For many Floridians, Tuesday — Election Day — will be another day at work.
But not for those employees who work for Leon County or the city of Tallahassee. The two local governments in the state capital have designated Election Day as an official holiday. That means their offices will be closed, as will the county library and city community centers.
In 2021, Tallahassee Mayor John Dailey pushed to have Election Day as a paid holiday for city workers. Dailey said at the time that he backed the idea in response to a wave of voting legislation across the nation that he described as “voter suppression” efforts.
“We have a unique opportunity to be a shining example,” Dailey said during the City Commission meeting in which the holiday was approved.
Leon County Commissioners voted to make Election Day a holiday a little over a month after the City Commission approved the idea.
“Election Day should be a celebration in this country,” County Commissioner Brian Welch said at the time.
Several states — including Delaware, Hawaii, Louisiana, New Jersey and New York — have Election Day as a public holiday. Other states require that workers be given time off with pay if they want to go vote.
Neither the federal government nor the state of Florida recognize Election Day as an official holiday. Many Democratic politicians, including President Joe Biden, have called for making it a national holiday.
“If I had my way, and I think it is really important, every Election Day would be a day off,” Biden said last year.
County Commissioner Kristin Dozier is a current candidate locked in a tight campaign with Dailey as he seeks re-election. Right before voting in favor of making Election Day a holiday in May 2021, she said it should be a “national issue” but “we don’t see the movement.” To her, that’s why state and local governments needed to move ahead.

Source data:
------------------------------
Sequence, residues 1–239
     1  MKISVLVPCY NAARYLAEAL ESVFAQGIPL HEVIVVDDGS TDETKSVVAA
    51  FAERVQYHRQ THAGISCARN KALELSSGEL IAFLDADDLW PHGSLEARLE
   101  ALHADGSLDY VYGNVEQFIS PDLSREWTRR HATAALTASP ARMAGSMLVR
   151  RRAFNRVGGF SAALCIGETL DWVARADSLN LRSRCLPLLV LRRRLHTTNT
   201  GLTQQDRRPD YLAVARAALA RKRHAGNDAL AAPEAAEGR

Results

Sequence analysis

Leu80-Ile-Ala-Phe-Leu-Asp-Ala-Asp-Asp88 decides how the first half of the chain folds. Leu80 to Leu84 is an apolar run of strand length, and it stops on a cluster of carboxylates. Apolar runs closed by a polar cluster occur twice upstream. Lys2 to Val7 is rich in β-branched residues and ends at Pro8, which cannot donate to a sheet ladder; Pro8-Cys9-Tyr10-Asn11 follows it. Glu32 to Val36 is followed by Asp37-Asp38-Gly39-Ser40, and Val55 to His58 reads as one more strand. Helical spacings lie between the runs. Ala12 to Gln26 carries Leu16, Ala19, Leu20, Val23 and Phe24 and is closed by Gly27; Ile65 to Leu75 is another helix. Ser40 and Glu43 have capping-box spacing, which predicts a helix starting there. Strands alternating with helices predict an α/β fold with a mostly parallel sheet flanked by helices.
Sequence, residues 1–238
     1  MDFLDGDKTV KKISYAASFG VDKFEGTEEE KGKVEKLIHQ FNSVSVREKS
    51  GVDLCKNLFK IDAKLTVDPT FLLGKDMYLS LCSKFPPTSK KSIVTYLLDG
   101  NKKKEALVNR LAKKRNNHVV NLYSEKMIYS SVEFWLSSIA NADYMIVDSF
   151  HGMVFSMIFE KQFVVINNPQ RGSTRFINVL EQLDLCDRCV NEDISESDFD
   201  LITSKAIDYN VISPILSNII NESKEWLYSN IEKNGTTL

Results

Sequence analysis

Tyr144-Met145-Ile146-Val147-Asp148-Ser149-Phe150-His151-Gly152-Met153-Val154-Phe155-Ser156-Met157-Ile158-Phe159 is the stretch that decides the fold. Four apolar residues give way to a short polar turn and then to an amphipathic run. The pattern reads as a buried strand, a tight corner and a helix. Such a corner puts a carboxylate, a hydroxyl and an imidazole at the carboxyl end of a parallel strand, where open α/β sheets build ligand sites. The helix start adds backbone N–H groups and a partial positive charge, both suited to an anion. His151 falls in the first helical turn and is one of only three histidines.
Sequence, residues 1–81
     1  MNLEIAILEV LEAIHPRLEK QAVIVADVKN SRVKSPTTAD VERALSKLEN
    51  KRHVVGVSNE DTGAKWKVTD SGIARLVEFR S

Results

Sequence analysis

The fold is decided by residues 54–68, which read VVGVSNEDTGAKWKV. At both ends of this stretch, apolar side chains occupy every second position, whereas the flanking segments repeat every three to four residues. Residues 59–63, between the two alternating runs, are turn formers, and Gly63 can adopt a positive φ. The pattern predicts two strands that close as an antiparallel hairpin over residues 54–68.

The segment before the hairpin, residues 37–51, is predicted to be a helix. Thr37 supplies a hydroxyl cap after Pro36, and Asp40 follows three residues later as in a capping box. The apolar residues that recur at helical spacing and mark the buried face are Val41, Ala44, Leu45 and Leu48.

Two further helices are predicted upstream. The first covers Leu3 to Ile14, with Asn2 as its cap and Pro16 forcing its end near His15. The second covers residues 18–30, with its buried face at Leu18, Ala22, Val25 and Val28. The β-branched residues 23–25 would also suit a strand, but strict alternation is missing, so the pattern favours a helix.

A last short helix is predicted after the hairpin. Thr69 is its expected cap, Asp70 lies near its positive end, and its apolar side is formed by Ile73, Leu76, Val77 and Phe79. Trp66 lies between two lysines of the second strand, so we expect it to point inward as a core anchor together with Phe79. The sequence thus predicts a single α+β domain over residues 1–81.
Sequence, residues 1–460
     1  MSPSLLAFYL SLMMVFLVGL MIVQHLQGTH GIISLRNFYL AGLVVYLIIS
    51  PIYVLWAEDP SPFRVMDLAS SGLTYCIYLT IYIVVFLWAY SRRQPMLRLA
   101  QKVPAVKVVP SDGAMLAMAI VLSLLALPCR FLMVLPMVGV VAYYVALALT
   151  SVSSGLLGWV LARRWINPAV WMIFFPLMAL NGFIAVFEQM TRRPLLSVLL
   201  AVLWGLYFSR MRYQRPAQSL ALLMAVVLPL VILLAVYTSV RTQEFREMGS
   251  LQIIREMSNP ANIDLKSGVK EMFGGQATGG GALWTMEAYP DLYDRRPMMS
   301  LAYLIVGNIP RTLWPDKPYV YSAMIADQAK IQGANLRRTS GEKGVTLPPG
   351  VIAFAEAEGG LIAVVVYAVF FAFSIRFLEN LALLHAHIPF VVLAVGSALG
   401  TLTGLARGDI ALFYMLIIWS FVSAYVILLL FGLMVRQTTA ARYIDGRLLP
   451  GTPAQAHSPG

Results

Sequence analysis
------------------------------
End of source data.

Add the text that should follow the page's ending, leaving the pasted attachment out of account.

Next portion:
Coming up, the usual assortment of news, intel and observations from the week that was in Florida’s capital city by Peter Schorsch, Drew Wilson, Renzo Downey, Christine Jordan Sexton and the staff of Florida Politics.
But first …
The “Takeaway 5” — the Top 5 stories from the week that was:
Biden calls Ron DeSantis ‘Donald Trump incarnate’ — Biden and Gov. DeSantis worked “hand in glove” after Hurricane Ian, but it’s clear there’s no love lost between the pair, as Biden made clear during a campaign stop for Charlie Crist. “Charlie is running against Donald Trump incarnate. This guy doesn’t fit any of the categories I talked about. The way he deals, the way he denies,” Biden said, according to a pool report. The remarks made at the home of Scott and Annie Schlesinger while campaigning for Crist and U.S. Rep. Val Demings were delivered to roughly 70 guests, but they carried far beyond those 70 individuals.
Medical boards split on trans care — Members of the state’s two medical boards don’t agree on what the standards of care should be when it comes to providing gender-affirming care for patients under the age of 18. The Board of Medicine, which regulates medical doctors, agreed to amend the existing standard of care rules to ban doctors from performing gender-confirming surgeries on anyone under the age of 18 and from providing puberty blockers and hormones to anyone under the age of 18. Meanwhile, members of the Board of Osteopathic Medicine agreed with the ban on gender-confirms surgery for minors but voted to allow osteopathic physicians to treat minors with puberty blockers and hormones so long as the patients agreed to participate in Institutional Review Board-approved, investigator-initiated clinical trials at one of Florida’s medical schools. It’s the first time, according to board legal counsel, the medical boards have disagreed on standard-of-care rules.
UF Board selects Ben Sasse as president — The University of Florida Board of Trustees has unanimously selected Nebraska U.S. Sen. Sasse as its next president despite protests from students and faculty. Sasse pledged not to be involved in partisan political activities as university President and said he would urge Florida’s ruling Republicans to not micromanage the school. He called it “political celibacy,” after a similar pledge by Purdue University President and former Indiana Gov. Mitch Daniels. One trustee said Sasse calmed his concerns about hiring a politician. “I was very hesitant to think it was appropriate for us to bring in a politician,” Richard Cole said. “You’ve overcome that for me.”